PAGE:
• Harry Redknapp's Sandbanks Summer feels out of place in a society recovering from austerity

    05/03/2020 | Blog | nvziy
  • After winning I’m A Celebrity… Get Me Out Of Here in 2018, former football manager Harry Redknapp became the nation’s favourite cheeky chappy. Having grown up on a council estate in Stepney Green and worked his way up through the cutthroat world of the beautiful game, the 72-year-old captured our hearts with his down-to-Earth outlook and unbounded love for his “beautiful” wife of 55 years, Sandra.

    He hasn’t been off the screen since, racking up appearances on This Morning, Good Morning Britain, All Star Mr and Mrs, The One Show, Hard To Please OAPs, Harry’s Heroes – the list goes on. And why shouldn’t it? He’s a top bloke, “one of the good ones”, a decent man and the public love him.Which is why I find his latest series, Harry Redknapp’s Sandbanks Summer, so jarring. This half-hour ITV entertainment show (though the channel has billed it as a travel programme) mainly consists of Redknapp showing us around his stomping ground, the outrageously expensive Sandbanks peninsula in Poole, Dorset. “Where property costs more than Manhattan,” he explains over footage of mansions hugging the sunny coast, “And one row of just 13 houses costs £90m.”

    Redknapp “knows he is lucky” to live in such an exclusive area and it isn’t news that he’s rich. A quick Google places his net worth at £14m and, honestly, I was expecting it to be more. But even with this knowledge, Sandbanks Summer’s yachts, manors, Range Rovers and private planes feel overly ostentatious. At best, its worst crime is refusing to read the room in a society struggling to recover from years of austerity. At worst, it’s offensive.

    The first episode saw one of Redknapp’s pals, another former footballer turned TV personality Neil “Razor” Ruddock, visit his glass-fronted castle in the sands under the guise of wanting to find his own place on the spit. “There’s a cheap place up here,” says Redknapp to Razor and comedian Joe Pasquale, who has also (rather inexplicably) tagged along. “It’s about five mill.” I want to think he’s joking, but it’s a little too on the nose to tell.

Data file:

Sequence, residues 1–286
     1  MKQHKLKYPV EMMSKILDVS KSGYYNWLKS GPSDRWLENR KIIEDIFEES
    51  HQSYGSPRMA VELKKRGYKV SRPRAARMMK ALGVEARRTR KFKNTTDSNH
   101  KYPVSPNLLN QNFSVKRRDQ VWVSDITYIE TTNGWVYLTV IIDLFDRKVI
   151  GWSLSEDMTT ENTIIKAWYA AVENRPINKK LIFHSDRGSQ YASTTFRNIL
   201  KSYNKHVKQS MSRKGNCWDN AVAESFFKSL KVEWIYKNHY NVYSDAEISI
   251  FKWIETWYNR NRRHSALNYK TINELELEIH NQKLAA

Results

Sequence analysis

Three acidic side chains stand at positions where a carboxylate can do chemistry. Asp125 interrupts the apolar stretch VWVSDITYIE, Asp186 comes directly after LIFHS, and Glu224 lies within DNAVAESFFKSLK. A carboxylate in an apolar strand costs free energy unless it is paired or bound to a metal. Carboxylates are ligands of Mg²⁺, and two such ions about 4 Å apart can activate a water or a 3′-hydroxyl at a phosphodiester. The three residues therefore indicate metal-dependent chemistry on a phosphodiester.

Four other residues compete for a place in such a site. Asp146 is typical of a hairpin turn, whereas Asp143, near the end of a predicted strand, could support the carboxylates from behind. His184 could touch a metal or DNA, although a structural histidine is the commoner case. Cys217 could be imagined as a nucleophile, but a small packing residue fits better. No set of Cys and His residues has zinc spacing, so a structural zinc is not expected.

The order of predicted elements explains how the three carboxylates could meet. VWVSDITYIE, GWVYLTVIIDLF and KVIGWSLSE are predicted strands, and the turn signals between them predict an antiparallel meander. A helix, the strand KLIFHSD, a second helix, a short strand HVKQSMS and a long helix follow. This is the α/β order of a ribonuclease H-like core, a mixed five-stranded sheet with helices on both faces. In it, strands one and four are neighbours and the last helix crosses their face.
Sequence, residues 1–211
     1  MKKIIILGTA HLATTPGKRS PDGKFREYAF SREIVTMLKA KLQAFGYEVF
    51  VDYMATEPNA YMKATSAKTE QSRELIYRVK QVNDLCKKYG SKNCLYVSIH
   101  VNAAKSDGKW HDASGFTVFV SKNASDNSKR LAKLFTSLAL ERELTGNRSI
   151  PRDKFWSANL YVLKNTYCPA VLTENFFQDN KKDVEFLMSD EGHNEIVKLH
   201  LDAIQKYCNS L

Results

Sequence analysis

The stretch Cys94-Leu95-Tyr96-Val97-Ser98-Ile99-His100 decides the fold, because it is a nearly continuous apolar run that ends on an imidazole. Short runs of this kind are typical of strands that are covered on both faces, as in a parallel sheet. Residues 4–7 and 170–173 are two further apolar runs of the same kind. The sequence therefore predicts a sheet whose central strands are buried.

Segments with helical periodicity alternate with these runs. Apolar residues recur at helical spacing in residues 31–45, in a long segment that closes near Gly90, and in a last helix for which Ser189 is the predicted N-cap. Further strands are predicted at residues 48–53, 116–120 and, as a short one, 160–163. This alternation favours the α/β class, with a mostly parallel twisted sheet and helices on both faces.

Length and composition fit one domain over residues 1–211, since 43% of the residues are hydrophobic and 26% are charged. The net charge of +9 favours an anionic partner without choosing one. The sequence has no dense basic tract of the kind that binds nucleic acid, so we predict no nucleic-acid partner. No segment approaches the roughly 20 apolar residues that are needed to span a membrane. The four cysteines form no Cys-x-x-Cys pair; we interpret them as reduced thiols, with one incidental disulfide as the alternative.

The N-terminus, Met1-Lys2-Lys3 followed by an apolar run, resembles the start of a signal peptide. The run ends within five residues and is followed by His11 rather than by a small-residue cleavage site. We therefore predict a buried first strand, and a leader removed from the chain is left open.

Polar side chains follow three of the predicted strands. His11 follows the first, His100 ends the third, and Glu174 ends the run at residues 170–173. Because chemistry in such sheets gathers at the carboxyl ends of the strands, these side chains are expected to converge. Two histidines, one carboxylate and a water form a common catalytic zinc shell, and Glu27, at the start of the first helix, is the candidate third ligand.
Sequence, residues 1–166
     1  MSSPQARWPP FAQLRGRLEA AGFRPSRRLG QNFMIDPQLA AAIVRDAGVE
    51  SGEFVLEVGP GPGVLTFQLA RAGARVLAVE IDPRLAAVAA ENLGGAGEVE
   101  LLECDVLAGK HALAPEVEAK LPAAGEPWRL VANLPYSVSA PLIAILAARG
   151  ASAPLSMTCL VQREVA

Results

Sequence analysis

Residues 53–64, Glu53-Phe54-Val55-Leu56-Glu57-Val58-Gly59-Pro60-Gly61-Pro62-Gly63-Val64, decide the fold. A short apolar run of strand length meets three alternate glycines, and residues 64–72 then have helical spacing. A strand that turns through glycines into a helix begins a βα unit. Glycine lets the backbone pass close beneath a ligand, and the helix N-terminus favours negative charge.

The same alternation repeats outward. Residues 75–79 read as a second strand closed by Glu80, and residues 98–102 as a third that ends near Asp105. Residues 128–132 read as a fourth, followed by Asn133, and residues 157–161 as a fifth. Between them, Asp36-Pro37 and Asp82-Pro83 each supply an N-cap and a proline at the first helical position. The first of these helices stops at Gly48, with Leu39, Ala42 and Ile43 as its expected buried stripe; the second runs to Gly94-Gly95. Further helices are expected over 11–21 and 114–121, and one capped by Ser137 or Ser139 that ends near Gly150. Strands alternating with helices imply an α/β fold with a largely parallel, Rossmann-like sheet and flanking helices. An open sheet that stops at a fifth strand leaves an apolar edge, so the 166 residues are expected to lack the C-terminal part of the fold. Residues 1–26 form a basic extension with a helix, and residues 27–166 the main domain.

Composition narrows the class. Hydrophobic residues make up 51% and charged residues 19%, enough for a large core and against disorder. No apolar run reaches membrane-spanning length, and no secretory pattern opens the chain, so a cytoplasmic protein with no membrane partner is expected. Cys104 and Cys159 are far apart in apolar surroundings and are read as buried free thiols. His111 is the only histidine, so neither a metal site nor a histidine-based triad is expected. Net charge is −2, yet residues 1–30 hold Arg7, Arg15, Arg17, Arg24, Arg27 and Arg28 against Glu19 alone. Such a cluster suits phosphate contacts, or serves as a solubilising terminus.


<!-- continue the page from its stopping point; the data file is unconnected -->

Just an hour after Sandbanks Summer wrapped up its first episode with Redknapp complaining about having to walk around his garden cleaning up after his dogs, BBC One aired the last instalment of its docuseries Universal Credit: Inside The Welfare State. In it, we met people who have no home, are unable to claim benefits despite being too unwell to work, who have to ration their food to make sure they can make it to their next Universal Credit payment. It was an infuriating and heartbreaking record of British society.

    Perhaps it is unfair to compare Sandbanks Summer and Universal Credit – one is intended as light, meaningless entertainment; the other a serious report on what could be a national crisis. But nothing – not even the mystical world of television – exists in a vacuum. The writers, producers and commissioners know that by lauding Redknapp’s wealth, they are reinforcing class divides of the haves and the have-nots.

    Add in the fact that Redknapp is currently the face of BetVictor adverts and the show feels even more gauche. It’s well known that the gambling industry actively targets poorer people, promising them the chance of a windfall and the opportunity to live life like Harry Redknapp. When that luxurious life – that has been worked hard for, and not won by a lucky bet – is then broadcast on ITV, a vicious cycle begins to form.

    TV has long been obsessed with the very rich – The Real Housewives series, MTV Cribs – the very poor – Benefits Street, Benefits Britain – and the vast difference between them (Channel 5 are currently broadcasting a series called Rich Holiday, Poor Holiday). But as the use of food banks continues to rise and we prepare for the nationwide roll-out of Universal Credit, it’s time for execs to be a little more conscious.By all means let Harry Redknapp have a travel programme – who wouldn’t want to see him dress up as a medieval knight? But do we really need to know how much his house cost?

    Special Thanks to INews for their Article- https://inews.co.uk/culture/television/harry-redknapps-sandbanks-summer-itv-money-1995850